Aberjhani's Reviews > The Known World

The Known World by Edward P. Jones
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Apr 22, 15

bookshelves: literature, fiction
Recommended for: Whoever enjoys a good novel.
Read in February, 2005


Edward P. Jones' Bold Vision of "The Known World"

This story would have been exciting enough based only on the fact that Edward P. Jones so boldly took the antebellum novel to a place it has never gone before; namely, to black slave-owner Henry Townsend's plantation in Manchester, Virginia. There, the "Known World" is wholly different from what one might expect. But this seemingly obviously absurd anomaly of U.S. history, wherein black masters owned black slaves, doesn’t stop with that rarely discussed fact. It is further illuminated by Jones' flights into the fantastic with observations of sentient lightning, children with the personalities of bitter grandparents, and, comically enough, freak chickens.

Mixed within this potent literary brew are some of the most original and dynamic characters, male and female, ever to step into the pages of American fiction. In fact, one of the more remarkable features of Jones’ amazing novel is his portrayal of how specific individuals sometimes managed to exploit the institution of slavery in order to indulge their own private needs, quirks, or agendas.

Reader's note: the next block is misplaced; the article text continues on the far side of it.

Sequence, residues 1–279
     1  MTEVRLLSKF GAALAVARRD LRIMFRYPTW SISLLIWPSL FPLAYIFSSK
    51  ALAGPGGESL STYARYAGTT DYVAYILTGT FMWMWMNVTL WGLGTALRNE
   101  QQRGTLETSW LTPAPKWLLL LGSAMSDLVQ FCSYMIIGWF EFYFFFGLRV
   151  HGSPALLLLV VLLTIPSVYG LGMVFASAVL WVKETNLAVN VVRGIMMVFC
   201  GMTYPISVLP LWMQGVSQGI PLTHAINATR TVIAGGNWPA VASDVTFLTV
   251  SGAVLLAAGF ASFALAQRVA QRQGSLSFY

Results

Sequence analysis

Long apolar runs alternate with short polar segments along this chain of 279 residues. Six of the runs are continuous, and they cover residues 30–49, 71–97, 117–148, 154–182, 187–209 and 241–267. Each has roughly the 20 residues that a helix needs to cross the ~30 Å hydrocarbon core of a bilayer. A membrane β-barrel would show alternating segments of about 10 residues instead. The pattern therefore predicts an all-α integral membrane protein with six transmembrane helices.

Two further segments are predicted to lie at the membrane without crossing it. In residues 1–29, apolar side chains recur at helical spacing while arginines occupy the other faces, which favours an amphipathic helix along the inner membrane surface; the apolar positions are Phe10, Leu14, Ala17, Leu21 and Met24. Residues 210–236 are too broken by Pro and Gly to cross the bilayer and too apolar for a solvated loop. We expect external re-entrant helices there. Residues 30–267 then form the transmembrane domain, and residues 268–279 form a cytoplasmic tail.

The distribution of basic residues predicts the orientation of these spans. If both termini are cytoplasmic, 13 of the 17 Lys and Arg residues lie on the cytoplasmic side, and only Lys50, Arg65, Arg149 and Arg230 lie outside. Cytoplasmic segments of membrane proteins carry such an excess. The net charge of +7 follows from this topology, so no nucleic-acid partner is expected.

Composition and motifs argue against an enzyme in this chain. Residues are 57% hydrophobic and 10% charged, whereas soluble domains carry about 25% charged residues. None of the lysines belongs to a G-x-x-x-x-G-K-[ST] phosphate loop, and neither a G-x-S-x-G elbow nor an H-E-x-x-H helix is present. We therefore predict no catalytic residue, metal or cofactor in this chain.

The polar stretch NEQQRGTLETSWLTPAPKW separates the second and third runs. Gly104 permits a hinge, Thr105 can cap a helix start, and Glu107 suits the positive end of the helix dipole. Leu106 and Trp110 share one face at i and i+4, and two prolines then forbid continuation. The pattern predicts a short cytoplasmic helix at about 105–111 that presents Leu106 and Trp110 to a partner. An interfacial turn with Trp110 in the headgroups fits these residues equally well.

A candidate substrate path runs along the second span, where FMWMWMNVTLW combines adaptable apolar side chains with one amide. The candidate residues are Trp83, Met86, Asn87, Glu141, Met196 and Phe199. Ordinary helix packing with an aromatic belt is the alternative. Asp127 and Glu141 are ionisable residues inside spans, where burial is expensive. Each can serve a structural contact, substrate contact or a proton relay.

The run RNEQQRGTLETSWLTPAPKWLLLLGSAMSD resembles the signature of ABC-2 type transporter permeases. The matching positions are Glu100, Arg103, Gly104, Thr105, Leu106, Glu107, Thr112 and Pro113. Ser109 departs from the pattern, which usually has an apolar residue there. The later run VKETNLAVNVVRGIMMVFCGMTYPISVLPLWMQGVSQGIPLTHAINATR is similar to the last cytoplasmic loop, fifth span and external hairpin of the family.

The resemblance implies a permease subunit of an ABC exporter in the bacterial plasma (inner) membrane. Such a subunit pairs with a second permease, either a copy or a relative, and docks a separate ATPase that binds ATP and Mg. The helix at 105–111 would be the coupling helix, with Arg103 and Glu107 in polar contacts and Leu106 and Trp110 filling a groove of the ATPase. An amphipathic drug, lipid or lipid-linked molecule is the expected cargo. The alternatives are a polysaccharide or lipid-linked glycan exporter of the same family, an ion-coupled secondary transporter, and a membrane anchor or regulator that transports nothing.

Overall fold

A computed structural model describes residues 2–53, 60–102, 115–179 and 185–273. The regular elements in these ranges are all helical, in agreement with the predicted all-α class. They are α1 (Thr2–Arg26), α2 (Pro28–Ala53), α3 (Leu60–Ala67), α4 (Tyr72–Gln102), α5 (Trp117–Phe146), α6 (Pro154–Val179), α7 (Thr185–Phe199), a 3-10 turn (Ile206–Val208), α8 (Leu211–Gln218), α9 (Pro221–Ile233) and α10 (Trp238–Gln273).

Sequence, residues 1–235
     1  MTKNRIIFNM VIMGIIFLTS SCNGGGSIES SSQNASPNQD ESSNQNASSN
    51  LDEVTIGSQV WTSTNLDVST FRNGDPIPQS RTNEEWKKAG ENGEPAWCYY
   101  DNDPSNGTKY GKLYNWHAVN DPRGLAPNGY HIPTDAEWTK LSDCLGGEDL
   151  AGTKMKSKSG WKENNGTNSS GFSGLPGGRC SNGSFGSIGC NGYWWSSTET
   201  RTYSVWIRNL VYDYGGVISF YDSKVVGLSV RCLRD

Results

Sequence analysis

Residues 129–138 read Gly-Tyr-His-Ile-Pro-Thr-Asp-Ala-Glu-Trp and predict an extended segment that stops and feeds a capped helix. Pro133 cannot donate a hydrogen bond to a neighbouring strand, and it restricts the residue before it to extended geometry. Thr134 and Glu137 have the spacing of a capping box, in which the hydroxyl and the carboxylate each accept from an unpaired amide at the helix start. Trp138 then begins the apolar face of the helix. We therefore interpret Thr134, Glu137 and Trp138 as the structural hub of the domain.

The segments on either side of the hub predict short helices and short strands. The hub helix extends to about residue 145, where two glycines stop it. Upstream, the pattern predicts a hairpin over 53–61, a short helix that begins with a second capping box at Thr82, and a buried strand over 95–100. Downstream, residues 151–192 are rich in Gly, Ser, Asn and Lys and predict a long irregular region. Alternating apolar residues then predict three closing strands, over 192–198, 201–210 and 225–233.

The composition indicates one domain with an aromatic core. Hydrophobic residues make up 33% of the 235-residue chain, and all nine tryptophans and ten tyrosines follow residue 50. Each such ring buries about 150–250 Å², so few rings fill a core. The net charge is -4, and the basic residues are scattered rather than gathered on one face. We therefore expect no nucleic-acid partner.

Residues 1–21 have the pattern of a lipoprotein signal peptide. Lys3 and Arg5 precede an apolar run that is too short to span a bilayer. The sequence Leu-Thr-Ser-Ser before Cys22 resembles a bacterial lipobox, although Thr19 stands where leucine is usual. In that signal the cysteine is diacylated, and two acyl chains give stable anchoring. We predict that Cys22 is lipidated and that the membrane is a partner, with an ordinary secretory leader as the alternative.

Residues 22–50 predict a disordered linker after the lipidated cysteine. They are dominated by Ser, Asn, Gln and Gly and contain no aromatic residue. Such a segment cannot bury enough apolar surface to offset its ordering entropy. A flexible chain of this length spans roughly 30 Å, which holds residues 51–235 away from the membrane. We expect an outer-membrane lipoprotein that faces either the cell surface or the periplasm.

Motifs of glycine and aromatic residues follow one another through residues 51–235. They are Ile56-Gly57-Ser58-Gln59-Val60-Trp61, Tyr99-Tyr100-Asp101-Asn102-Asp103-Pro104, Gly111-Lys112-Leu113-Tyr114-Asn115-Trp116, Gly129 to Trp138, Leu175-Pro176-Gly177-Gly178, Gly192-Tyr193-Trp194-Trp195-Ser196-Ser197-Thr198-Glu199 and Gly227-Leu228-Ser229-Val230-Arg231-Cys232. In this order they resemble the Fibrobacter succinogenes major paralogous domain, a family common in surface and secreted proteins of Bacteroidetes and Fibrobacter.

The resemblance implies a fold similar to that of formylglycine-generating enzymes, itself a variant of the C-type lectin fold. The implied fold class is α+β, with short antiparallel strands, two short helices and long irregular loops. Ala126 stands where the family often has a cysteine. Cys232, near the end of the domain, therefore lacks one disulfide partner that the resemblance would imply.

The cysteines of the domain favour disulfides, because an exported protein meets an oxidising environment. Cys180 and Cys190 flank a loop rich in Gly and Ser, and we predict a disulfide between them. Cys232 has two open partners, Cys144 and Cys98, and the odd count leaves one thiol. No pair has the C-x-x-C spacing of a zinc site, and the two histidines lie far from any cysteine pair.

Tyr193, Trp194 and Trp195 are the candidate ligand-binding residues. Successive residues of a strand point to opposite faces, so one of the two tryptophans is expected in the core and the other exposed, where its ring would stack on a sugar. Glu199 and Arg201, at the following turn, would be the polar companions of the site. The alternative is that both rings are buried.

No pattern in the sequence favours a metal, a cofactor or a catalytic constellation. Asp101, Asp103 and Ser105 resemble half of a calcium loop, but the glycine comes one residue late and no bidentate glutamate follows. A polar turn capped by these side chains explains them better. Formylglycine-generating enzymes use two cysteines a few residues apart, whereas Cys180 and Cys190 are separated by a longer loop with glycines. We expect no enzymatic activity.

It's true that the alternating biblical density and epic expansiveness of details and events with which Jones builds his narrative can at times prove challenging. However, this same aesthetic ultimately delivers a triumphant satisfaction. Jones' Pulitzer--and any other awards received for this novel--was well earned and deserved.

by Author-Poet Aberjhani
author of "Encyclopedia of the Harlem Renaissance" (Facts on File Library of American History)
and "The Wisdom Of W.E.B. Du Bois" (Wisdom Library)
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